From rundown outpost, Philippines watches China island take shape in disputed sea


THITU ISLAND, South China Sea (Reuters) – As the Philippine military C-130 transport plane made its approach to the country’s most precious outpost in the disputed South China Sea on Monday, it flew past a reef which China is quickly turning into an island.

At least two cranes and two dredgers were visible on Subi Reef from the plane taking local and foreign reporters on a rare trip to Thitu island.

China’s reclamation around seven reefs in the Spratly archipelago of the South China Sea is making Philippine islands such as this, known internationally as Thitu but called Pagasa in the Philippines, vulnerable, said Philippine military officials and security experts.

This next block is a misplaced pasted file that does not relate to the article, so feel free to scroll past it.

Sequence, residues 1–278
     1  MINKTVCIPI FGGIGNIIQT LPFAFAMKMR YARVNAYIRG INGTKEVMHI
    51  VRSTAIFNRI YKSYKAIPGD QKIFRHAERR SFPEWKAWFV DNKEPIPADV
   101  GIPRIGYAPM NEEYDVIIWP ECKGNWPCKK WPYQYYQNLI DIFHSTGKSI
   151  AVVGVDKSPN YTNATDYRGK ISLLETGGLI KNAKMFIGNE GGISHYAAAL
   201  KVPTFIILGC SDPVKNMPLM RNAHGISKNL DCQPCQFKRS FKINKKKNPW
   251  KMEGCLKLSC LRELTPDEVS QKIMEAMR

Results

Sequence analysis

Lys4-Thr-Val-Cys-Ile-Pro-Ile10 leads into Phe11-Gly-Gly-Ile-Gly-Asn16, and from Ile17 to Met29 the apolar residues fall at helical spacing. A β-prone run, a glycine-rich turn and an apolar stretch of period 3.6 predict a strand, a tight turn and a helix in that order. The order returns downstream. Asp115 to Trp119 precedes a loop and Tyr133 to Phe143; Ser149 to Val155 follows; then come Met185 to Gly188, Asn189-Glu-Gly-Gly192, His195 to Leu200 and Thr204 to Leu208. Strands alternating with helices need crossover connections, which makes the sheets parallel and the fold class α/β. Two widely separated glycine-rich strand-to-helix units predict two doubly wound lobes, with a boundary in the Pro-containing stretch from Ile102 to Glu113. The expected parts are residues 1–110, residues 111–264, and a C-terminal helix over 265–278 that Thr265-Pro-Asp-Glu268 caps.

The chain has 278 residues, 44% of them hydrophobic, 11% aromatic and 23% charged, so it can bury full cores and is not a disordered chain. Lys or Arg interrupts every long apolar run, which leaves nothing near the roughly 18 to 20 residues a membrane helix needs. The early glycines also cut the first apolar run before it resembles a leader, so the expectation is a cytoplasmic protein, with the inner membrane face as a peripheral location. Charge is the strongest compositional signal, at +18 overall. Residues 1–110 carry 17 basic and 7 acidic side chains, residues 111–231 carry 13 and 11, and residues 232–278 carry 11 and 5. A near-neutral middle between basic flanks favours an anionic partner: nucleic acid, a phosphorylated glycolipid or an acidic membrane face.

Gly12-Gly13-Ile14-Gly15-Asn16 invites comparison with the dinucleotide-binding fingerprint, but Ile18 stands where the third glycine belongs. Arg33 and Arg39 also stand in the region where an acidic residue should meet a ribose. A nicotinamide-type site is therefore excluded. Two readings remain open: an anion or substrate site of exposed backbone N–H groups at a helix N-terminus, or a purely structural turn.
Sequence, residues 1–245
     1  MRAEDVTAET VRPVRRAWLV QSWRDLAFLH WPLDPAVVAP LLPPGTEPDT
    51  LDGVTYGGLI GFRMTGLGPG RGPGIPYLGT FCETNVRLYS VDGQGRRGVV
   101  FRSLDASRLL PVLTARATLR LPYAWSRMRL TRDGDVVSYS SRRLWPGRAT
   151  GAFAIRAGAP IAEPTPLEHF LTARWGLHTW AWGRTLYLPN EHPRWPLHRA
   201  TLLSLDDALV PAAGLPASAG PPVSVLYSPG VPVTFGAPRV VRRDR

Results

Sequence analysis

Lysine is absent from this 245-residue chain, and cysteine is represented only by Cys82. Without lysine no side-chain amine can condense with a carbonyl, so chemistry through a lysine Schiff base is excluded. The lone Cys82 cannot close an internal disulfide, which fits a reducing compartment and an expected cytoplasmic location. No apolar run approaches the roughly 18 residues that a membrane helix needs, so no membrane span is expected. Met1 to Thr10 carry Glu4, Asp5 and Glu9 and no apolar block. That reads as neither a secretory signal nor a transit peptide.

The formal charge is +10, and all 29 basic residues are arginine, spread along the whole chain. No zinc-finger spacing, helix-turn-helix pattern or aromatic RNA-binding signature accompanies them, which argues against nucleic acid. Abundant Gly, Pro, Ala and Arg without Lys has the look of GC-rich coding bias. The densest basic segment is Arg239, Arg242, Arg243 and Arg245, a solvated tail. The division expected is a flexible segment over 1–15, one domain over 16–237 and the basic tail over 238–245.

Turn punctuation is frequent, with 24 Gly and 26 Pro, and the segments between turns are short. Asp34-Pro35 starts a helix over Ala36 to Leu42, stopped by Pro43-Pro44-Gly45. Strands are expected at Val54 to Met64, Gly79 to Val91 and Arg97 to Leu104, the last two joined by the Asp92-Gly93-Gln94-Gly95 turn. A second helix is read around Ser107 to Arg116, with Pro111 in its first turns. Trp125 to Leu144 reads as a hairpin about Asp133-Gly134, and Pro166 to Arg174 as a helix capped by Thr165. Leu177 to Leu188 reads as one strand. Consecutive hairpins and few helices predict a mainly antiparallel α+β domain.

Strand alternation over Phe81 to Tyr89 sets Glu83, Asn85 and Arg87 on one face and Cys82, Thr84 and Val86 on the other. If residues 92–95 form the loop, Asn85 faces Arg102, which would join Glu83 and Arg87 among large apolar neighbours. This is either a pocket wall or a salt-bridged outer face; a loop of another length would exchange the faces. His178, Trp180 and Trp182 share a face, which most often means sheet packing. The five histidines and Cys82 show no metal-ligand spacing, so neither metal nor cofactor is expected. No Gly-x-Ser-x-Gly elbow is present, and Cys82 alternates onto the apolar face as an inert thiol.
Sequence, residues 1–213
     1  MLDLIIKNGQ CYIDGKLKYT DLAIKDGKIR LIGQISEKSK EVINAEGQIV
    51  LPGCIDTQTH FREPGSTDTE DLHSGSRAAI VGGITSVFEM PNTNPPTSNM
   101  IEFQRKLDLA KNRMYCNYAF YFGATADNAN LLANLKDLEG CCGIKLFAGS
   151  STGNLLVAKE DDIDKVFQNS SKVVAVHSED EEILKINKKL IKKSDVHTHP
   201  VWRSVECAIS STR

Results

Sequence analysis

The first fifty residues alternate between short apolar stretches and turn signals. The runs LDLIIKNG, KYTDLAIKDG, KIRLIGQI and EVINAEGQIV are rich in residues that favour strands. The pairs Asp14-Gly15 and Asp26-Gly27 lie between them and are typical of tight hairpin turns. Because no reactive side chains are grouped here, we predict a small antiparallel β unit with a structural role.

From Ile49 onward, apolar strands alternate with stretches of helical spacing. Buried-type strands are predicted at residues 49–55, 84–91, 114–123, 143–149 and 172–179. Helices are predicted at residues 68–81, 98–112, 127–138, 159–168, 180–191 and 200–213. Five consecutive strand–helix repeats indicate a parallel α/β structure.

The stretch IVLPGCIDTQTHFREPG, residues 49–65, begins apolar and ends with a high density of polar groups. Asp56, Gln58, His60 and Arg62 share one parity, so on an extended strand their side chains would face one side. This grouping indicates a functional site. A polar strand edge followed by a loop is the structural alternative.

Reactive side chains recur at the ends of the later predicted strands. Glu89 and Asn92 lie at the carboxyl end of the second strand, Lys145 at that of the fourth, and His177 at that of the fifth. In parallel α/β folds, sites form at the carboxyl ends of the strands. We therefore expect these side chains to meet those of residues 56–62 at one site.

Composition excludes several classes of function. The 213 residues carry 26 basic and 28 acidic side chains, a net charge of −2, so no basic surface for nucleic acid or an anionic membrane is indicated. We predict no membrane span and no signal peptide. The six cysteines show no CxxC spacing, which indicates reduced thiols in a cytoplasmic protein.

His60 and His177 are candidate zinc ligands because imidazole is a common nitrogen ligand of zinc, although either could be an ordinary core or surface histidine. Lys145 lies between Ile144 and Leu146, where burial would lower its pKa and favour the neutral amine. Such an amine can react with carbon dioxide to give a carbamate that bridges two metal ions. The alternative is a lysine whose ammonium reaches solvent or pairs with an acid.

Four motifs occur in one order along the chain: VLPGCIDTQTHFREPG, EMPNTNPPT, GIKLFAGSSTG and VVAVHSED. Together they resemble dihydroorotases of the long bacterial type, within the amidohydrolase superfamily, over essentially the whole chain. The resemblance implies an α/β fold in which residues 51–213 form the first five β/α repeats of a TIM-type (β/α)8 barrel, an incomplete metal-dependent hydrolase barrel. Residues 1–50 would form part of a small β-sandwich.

“In the last two years we have seen rapid development. They are getting closer to us. It’s a threat,” Major Ferdinand Atos, the highest-ranking soldier on Thitu, told reporters after the plane made a bumpy landing on the island’s makeshift runway.

Subi Reef lies a mere 14 nautical miles from Thitu, its lights visible at night, Philippine officials said.

Atos said Chinese patrol ships had not tried to come close to Thitu, which is surrounded by shallow water.

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